Teaching kids to program is not an easy task – their attention span is short and what they are able to accomplish in a brief period of time is often uninspiring which results in them losing attention quickly.
Robots help a lot with this!
The Orbotix team has turned their Sphero into a fantastic programming aid to introduce coding to kids as young as 4th grade. In about an hour kids will be commanding their robot to drive geometric patterns while also learning a bit about angles, degrees, time and distance calculations, loops and conditional branching. If your my age, you might remember Logo and turtle graphics. It turns out to be really cool to toss a robot into the mix, instead of just a computer screen.
Coding is done via a simple app on either Android or iOS devices and sent to the Sphero via Bluetooth. The younger kids learn to program using a simple scripting language developed by Orbotix called MacroLab – the older kids learn BASIC which Sphero can interpret to do some complex tasks.
Orbotix is hosting a “Sphero Rangers” event at the Google offices here in Boulder this Saturday from 11am to 2pm. Robots and programming devices will be provided – but bring your smartphone if you want to use your own. Attendees will also be able to get a Sphero at a discounted price. If interested sign up here: https://www.meetup.com/
I spent this weekend at LindzonPalooza. Once a year Howard Lindzon gets together a bunch of his friends at the intersection of financing, tech, media, and entrepreneurship, we descend on The Del in Coronada, and have an awesome 48 hours together. Many interesting and stimulating things were said, but one I remember was from Peter Pham over dinner. It was a simple line, “why do we teach languages in junior high and high school but not a computer language?” that had profound meaning to me.
When I was in high school, I had to take two years of a foreign language. I had three choices – French, Spanish, or German. I didn’t really want to learn any of them so I opted for French. I hated it – rote memorization and endless tedious classes where I didn’t really understand anything. Fortunately I liked my teacher for the first two years and I did fine academically (I got an A) and ended up taking a third year of French.
Year three was a total disaster. I hated the teacher and apparently she hated me. We watched these stupid reel-to-reel movies of french cartoons aimed at English speakers trying to learn French. Beyond being boring, they were incomprehensible, at least to me. Somehow I ended up in the front row and it was my job to change the movie when it finished. One day, when I was sure the teacher was out of the room and I was changing the reel, I muttered ” tu es une chienne” (one of the few French phrases I still remember, along with “va te faire foutre.”) I was wrong – she was in the room and, after a trip to the principal’s office (the principal liked me and let me off easy) I dropped the class and took a study hall instead.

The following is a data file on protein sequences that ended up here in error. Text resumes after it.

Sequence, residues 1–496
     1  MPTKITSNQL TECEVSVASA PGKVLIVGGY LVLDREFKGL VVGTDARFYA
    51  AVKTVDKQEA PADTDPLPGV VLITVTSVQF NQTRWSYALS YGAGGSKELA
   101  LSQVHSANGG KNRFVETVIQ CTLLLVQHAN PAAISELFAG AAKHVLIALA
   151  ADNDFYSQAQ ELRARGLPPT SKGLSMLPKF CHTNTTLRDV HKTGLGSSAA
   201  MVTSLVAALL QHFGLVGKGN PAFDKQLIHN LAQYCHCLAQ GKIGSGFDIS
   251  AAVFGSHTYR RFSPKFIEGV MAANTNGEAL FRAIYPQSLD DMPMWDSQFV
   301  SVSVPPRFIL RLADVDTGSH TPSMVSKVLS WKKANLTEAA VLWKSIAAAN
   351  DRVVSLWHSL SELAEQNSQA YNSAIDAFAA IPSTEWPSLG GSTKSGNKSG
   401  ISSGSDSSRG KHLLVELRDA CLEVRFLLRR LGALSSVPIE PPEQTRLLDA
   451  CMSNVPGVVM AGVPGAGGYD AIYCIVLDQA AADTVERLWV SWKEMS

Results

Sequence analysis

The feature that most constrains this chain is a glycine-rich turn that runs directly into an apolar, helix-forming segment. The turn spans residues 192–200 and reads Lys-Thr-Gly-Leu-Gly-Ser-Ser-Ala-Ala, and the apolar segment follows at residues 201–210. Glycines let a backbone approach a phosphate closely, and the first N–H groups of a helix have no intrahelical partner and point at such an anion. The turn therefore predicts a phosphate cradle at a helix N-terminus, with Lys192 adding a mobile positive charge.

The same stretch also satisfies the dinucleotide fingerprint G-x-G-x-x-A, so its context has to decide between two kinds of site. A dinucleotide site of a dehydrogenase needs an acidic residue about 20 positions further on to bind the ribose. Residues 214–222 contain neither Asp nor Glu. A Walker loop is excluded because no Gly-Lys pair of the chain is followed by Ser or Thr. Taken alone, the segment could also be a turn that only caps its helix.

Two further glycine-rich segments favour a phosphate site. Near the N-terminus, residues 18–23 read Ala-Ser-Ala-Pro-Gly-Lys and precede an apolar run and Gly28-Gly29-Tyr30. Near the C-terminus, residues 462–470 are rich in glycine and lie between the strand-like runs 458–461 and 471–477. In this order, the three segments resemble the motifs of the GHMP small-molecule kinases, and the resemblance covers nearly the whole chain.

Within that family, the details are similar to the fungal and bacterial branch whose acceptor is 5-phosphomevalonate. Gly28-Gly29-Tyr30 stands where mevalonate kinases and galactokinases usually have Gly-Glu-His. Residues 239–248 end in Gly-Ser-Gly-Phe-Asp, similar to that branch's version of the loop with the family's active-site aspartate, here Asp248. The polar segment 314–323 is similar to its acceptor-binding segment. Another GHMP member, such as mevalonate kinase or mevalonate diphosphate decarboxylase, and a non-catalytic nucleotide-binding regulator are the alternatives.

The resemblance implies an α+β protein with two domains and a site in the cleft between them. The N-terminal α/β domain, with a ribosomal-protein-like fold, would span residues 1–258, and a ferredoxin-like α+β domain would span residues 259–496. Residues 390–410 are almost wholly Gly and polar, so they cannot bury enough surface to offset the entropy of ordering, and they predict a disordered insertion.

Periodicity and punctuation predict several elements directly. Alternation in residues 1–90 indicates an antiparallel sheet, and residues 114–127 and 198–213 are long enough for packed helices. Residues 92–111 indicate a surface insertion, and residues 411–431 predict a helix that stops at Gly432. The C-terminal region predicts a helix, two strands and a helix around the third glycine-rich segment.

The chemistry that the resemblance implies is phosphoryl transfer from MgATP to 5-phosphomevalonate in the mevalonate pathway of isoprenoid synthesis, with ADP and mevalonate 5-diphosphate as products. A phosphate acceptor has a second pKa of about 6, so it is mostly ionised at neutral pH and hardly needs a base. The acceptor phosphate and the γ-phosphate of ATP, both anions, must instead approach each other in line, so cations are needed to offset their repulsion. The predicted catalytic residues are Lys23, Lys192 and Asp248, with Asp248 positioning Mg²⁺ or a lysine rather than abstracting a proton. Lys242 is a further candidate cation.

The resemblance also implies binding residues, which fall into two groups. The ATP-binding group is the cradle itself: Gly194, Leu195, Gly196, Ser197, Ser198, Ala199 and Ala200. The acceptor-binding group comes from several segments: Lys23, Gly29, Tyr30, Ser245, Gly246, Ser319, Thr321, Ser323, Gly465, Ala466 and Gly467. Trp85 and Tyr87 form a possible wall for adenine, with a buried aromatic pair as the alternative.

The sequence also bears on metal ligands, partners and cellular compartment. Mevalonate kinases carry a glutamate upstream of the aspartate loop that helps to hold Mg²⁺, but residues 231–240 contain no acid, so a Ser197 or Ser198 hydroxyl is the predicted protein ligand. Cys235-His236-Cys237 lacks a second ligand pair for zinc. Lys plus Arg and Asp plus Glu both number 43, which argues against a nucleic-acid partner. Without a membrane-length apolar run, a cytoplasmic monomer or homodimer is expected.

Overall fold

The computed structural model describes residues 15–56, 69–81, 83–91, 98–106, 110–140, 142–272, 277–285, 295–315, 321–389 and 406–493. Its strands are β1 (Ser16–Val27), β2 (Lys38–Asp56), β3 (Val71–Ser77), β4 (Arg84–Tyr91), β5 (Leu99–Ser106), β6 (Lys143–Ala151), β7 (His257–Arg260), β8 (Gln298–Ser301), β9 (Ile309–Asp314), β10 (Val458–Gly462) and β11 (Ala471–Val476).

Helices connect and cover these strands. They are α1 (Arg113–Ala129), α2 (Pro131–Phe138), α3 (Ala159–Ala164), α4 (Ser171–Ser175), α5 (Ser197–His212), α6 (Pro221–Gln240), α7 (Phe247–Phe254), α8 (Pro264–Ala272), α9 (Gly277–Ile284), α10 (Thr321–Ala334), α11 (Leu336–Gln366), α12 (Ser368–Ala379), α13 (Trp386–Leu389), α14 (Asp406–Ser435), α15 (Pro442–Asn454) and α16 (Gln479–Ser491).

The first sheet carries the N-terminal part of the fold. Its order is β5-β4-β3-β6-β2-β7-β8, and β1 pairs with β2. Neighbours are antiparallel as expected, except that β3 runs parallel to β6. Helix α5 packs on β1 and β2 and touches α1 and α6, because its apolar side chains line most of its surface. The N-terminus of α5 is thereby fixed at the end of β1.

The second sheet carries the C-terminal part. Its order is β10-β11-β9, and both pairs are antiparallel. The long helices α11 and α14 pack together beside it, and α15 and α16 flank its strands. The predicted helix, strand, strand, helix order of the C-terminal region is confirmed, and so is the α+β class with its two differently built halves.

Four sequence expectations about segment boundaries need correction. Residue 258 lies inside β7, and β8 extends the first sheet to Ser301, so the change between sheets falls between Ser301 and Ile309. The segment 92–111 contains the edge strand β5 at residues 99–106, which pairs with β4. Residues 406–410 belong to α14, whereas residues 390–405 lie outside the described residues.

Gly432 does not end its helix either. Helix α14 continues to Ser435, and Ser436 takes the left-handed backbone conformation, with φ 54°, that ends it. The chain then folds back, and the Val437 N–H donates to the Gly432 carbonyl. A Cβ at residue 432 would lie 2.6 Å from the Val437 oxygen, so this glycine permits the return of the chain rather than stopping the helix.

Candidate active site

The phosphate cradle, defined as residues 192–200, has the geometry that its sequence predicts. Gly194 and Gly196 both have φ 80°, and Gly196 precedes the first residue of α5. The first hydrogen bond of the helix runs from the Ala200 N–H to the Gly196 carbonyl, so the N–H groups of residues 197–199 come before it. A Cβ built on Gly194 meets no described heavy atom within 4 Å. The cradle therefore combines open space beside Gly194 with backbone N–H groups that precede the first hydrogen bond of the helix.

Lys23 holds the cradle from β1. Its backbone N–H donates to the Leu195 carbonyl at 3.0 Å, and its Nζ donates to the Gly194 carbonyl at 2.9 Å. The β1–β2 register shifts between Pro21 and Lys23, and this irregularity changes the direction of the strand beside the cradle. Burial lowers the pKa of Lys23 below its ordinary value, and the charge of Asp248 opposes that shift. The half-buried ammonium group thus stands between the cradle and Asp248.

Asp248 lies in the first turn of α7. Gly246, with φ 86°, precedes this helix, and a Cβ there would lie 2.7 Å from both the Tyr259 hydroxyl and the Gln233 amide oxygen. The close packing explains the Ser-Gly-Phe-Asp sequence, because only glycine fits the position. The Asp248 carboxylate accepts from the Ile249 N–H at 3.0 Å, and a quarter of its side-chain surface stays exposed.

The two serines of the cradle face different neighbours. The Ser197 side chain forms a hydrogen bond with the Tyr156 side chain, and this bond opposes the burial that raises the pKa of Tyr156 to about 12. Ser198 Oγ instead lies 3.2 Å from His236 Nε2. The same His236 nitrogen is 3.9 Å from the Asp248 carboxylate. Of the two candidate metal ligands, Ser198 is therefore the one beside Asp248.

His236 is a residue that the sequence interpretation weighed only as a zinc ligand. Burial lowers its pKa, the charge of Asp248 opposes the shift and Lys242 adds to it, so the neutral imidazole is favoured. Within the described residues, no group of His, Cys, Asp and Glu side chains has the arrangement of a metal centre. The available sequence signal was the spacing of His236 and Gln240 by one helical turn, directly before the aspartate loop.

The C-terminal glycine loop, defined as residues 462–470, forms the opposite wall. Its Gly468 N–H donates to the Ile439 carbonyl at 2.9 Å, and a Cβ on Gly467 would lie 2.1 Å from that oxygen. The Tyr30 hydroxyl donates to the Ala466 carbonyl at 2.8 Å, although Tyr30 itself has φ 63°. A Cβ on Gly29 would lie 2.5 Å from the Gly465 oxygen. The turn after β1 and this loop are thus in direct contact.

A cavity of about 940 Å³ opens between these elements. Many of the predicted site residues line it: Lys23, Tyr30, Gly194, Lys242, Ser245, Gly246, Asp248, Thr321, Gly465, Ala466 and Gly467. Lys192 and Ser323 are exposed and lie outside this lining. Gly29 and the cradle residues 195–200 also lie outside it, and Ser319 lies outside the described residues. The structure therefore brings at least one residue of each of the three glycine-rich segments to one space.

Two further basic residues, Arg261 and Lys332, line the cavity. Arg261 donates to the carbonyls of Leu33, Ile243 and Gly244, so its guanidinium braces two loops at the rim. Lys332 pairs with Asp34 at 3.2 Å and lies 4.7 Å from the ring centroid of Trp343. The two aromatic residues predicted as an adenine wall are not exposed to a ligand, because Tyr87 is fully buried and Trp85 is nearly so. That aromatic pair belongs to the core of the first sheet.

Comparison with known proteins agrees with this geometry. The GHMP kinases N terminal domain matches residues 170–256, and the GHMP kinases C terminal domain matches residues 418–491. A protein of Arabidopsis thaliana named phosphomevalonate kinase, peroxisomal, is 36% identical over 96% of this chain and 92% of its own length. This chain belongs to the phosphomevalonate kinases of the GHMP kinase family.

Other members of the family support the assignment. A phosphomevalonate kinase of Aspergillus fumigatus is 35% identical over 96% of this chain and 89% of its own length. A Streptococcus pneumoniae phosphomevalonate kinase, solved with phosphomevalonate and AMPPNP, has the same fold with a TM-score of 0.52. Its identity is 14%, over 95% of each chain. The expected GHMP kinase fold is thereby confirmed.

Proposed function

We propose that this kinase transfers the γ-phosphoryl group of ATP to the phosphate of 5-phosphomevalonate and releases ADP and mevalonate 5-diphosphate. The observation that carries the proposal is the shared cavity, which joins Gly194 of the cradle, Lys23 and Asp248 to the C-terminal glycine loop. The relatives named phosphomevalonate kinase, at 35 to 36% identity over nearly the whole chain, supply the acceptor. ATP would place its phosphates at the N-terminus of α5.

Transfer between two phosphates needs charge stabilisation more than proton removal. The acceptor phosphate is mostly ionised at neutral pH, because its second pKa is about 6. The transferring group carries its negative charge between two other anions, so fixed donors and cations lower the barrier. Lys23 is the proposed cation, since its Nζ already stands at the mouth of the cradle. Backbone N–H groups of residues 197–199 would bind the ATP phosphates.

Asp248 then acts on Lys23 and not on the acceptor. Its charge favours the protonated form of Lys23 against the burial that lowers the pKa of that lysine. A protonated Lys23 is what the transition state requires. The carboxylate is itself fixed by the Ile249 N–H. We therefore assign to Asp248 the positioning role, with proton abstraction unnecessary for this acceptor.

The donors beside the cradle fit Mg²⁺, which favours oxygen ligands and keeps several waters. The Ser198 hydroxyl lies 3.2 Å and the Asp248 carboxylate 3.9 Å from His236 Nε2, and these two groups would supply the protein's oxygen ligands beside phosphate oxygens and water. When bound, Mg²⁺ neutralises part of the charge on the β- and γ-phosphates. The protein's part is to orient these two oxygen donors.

Now, before I use the old line of “I have a hard time learning languages”, I’ll call bullshit on myself since during that time I learned BASIC, Pascal, and 6502 Assembler. I was good at learning languages – I was just way more interested in computer languages than romantic european languages.
We didn’t have AP Computer Science at my school so I taught all of this to myself. But today, schools have computer science courses. And, based on what I’ve learned from my work at NCWIT, looking at course curriculums, and talking to a lot of students, most high school computer science courses suck. Part of the problem is the word “science” – they teach computer science theory, how to program in Java, math, logical, and a bunch of other things. But they don’t teach you software development, which is much more useful, and a lot more fun.
When I compare it to French 3, I wanted to learn conversation French. I probably would have enjoyed that. But the teacher, who was French, insisted on grinding us through endless grammar exercises. The movies were sort of conversational, but they obsessed over the different tenses, and we were tested endlessly on when to use tu and when to use vous, even in French 3.
I’m not a language instructor, nor do I have any interest in figuring out the best way to teach a language – computer or otherwise – but it seems to me that we are shifting into a different period where learning how to write software is just as important – and probably more so – to a high school student as learning to speak French, at least at a two year of course level where all you remember are a few swear words.
Am I wrong? If so why. BTW – Google translate quickly tells me that is “Ai-je tort? Si oui, pourquoi.” My bable fish is on order.
Six weeks ago I saw a tweet about a new thing from Codecademy called Code Year. It promised to teach you how to code in 2012. I signed up right away and am now one of 396,103 people who have signed up as of this moment.
Like a good MIT graduate, I’ve procrastinated. When I was an undergrad, I liked to say things like “I want to give all of my fellow students a four to six week handicap.” Yeah – I was the dude that blew off too many classes at the beginning of the semester. I did read everything so I eventually caught up pretty quickly, but fortunately MIT drop date was late in the semester so I had plenty of option value on bailing if I’d left things too long.
Week 1 was trivial. I liked the Code Year lessons and the Codecademy UI is very good. I’ve scored 350 points, have completed 42 (simple) exercises, and have four badges, I only did the lessons for week 1; I’ve left the problems for another time to see if the syntax actually sinks in.
As I embarked on my journey to learn python, I began by exploring a number of different approaches. I finally settled on using “beginner’s mind” (shoshin to those of you out there that know anything about Zen Buddhism).